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«Mr Speaker, it is indeed my pleasure and a quite distinguished privilege to rise in this Honourable House to make this presentation. At the outset, I ...»

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Mr Speaker, there is no good reason why we should not be able to have more of our schools participate in producing some of the produce for the different school feeding programs. We need to get more green houses in schools and greater participation in having community members supplying farm produce, the former Minister of Education was passionate about this and I agree with him fully, the value of education cannot be overstated and proper nutrition is a most critical component in the process.

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Mr Speaker, of the approximately 1.1 million hectares of land in this country, only 271,600 or 25% is classified as arable. We have lost significant amount of this land to housing and other commercial activities, Mr Speaker, we must stop giving up good agricultural land to housing, especially given the

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on the flat we would be able to have large green houses growing the crops that we have a competitive advantage in e.g. ginger, just imagine several 500m or more green houses along these plains producing our turmeric and ginger which has an international market waiting. We must get our farmers to realize that technology is their friend and they can be better off by working smarter and not necessarily harder.

MR SPEAKER, in adapting to newer technology we can G.R.O.W GENERATE REVENUE FROM OUR WORK.

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Mr Speaker, we must secure farming produce for our households. The mandate is to promote agriculture to improve the family’s quality of life, reduce poverty and sustain its reduction, encourage self-reliance within the family and promote family health and wealth. Menu planning is about budgeting, saving time and optimizing nutrition. Where shopping at home first (checking the cupboards and refrigerator) coupled with the crops reaped from the micro farms will be encouraged.

Further, this will translate into Jamaicans being cultured in a realistic way to live the 'Grow What We Eat, Eat What We Grow' campaign of the Jamaica Agricultural Society (JAS).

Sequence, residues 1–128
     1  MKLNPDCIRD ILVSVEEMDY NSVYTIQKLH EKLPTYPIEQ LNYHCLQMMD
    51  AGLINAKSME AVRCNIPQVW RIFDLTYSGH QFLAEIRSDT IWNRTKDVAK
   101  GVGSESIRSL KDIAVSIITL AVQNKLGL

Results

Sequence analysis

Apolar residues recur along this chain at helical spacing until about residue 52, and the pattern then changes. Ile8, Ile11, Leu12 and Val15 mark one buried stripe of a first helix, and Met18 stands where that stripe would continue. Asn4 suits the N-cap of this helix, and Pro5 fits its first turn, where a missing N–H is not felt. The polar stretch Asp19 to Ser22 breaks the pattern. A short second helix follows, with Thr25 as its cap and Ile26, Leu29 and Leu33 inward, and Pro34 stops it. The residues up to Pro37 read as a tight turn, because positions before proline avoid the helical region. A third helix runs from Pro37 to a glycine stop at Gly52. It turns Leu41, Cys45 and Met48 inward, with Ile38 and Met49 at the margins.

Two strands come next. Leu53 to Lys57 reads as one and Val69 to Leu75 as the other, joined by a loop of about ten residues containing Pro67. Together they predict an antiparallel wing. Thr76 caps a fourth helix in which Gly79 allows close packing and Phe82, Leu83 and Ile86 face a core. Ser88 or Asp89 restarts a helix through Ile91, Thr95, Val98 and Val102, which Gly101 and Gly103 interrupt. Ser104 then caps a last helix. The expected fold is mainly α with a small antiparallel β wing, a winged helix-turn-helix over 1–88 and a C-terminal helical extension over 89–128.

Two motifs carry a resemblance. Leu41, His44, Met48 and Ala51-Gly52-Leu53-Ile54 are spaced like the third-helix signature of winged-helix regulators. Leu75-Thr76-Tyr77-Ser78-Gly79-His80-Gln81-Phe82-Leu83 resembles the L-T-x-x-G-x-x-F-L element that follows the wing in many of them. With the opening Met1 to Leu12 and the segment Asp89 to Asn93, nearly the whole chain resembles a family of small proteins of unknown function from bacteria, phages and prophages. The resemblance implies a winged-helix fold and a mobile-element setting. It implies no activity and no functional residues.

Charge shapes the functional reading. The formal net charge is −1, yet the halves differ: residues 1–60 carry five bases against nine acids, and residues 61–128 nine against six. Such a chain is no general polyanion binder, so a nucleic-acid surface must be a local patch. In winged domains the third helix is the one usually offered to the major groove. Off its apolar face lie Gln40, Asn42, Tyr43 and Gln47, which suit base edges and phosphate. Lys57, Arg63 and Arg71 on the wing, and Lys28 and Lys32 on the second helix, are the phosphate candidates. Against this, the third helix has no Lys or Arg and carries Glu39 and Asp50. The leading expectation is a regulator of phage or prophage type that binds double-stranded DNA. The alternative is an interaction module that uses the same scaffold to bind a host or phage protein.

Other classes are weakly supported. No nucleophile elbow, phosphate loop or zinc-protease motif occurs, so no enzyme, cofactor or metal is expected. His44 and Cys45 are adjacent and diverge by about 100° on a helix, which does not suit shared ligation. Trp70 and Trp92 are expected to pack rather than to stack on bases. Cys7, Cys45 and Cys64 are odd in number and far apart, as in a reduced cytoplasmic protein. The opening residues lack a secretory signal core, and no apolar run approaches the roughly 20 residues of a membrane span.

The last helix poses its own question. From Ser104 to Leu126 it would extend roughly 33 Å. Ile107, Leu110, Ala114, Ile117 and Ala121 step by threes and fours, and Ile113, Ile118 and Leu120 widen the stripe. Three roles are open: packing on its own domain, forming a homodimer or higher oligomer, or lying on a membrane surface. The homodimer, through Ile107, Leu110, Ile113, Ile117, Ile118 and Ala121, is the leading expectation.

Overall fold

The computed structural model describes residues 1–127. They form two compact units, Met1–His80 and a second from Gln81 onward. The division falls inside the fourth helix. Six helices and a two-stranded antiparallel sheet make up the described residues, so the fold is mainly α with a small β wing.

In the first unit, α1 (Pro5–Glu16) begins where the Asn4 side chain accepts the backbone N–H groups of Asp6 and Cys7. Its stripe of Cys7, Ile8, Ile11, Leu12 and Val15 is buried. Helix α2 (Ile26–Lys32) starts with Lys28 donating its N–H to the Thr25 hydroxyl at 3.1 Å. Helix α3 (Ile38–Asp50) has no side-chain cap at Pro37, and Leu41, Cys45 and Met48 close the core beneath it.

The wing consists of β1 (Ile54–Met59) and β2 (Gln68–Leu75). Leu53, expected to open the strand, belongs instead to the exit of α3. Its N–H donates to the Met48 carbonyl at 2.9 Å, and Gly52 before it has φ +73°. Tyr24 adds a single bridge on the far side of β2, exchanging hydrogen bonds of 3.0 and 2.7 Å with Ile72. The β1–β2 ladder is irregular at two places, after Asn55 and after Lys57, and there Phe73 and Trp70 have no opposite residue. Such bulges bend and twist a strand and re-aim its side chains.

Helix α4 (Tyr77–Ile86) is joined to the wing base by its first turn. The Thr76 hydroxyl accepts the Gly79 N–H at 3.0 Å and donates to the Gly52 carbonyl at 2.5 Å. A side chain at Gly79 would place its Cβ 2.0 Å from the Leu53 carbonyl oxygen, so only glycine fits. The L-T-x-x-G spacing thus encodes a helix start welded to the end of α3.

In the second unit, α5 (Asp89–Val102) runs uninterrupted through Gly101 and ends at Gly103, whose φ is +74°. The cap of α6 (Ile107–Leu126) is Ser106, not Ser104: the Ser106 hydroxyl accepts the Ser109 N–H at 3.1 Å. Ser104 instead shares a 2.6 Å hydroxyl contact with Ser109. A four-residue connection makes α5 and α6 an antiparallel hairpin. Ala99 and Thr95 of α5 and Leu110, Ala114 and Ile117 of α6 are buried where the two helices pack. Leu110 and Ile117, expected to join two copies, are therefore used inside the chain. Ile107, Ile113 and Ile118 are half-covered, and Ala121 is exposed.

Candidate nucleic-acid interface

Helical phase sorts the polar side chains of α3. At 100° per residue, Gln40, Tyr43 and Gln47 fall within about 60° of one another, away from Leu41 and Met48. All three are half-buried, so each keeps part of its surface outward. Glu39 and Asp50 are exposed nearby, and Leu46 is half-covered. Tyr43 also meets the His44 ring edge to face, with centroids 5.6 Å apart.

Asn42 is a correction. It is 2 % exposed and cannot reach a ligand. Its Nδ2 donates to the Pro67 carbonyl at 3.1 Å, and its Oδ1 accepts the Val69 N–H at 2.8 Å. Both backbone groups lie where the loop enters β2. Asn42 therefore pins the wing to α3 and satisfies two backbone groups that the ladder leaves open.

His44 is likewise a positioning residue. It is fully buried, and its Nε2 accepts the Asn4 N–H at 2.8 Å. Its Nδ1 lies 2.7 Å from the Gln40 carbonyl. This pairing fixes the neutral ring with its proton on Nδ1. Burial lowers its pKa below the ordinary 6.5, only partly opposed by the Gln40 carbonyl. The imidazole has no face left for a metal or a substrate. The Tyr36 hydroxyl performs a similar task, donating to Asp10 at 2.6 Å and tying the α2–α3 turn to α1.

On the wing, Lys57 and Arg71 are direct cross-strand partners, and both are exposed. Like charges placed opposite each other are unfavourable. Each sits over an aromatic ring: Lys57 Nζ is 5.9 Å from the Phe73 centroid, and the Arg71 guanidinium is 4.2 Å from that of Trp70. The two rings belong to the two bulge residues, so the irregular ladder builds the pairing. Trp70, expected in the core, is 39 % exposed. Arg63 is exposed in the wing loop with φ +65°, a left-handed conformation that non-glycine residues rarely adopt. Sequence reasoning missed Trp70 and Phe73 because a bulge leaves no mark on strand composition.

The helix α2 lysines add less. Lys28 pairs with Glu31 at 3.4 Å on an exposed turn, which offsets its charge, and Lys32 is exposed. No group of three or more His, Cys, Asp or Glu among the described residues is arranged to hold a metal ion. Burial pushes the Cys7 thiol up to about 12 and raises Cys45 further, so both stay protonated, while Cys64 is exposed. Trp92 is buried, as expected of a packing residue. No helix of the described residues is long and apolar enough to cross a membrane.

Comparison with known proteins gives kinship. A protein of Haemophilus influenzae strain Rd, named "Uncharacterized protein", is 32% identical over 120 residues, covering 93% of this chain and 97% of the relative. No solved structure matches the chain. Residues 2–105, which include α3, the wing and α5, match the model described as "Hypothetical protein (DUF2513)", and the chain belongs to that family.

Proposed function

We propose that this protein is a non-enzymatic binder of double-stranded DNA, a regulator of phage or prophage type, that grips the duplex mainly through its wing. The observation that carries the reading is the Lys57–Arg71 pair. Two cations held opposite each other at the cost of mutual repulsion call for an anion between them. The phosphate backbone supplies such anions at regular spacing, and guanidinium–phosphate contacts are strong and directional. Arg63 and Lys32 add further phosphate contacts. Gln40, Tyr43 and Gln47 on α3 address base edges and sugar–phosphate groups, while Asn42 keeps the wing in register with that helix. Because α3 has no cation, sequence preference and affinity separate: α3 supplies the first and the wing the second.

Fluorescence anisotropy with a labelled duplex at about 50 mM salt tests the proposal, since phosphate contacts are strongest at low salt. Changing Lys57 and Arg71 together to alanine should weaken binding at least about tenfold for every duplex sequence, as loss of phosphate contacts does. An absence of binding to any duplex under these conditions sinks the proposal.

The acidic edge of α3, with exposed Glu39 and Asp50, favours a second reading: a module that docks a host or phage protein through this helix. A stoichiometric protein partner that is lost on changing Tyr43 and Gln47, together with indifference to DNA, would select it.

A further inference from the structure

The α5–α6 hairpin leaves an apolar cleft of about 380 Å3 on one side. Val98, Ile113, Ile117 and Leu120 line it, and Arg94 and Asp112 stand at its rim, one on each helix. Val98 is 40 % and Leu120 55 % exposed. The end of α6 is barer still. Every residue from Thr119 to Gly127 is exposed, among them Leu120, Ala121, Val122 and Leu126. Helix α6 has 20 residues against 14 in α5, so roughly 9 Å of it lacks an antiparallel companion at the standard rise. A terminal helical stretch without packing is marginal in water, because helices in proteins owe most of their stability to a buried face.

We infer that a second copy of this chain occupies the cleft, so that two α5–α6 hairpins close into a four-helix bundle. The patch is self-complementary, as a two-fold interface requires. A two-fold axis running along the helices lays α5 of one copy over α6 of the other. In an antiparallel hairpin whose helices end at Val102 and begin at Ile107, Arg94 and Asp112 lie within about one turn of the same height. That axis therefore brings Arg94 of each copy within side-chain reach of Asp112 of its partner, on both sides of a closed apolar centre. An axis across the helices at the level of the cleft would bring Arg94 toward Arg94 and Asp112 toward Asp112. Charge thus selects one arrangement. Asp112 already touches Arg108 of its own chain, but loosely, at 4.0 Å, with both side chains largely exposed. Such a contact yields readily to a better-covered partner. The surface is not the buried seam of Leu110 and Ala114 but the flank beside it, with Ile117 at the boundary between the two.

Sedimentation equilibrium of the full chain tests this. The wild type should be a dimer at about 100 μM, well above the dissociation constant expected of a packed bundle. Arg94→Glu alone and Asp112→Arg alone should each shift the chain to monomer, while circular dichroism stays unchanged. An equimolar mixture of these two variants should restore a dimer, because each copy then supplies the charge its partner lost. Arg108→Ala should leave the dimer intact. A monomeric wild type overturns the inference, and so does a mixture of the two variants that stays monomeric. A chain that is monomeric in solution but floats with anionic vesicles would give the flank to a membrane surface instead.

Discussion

The organic waste generated by the kitchen and other places in and around the home can be composted. The compost can be used as a soil amendment to improve fertility, texture and water holding capacity of the farms and/or container gardens in more developed areas. Container Gardening is the use of recycled inexpensive containers filled with suitable soil mix to cultivate crops or flowers in a controlled environment, this is not new technology. The legendary Hanging Gardens of Babylon (one of the Seven Wonders of the Ancient World) is one of the finest such examples from

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to grow fruits, vegetables and herbs in small spaces. By simply growing two cycles of tomato, cucumber, sweet pepper and Pak Choi, the average household would save approximately $12,000 annually.

Improving the life skill set of Jamaicans through agriculture will stimulate and sustain an economic transition from over-consumption of foreign goods to local production and consumption.

We must also aim to stimulate and sustain a novel personal habit in micro-agricultural production with the benefit of greater self-reliance and amelioration from economic strain.


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Mr Speaker the sugar industry, which has been around for over 300 years, is today facing its greatest challenge. You will recall that between 2009 and 2010 the Government of Jamaica divested its holdings in the sugar industry, namely the Monymusk, Frome, Bernard Lodge, Trelawny and St.

Thomas Estates, which constitutes 70% of the industry. The divestment had some questionable conditions but not withstanding the period thereafter saw farmers and factory owners getting some of the greatest returns; it was incumbent on the proprietors to rehabilitate the factories and diversify the products and seek new markets. Mr Speaker, 2014 we saw a 20.4% increase in sugar production supported by 27% expansion in sugar cane cultivation. This year has seen a 30% decrease in the prices and has thus set the industry into a declension with various operators indicating an inability to continue operation, without attempting to go back into direct management of the

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challenges and we wish them well, this allocation was to assist with moving over 116,000 tonnes of cane, this allocation that was made by the former administration has since been used to restart operations at Long Pond.

Mr Speaker, problems are also looming for Pan Caribbean Sugar Company at Monymusk and recently we learnt of the decrease at Frome of over 27,507 tonnes its lowest output in more than 100 years, Sugar Company of Jamaica has signalled its intention to manage over 2,800 hectares of cane until the end of 2016 crop year, we have not heard of any allocation that will be made.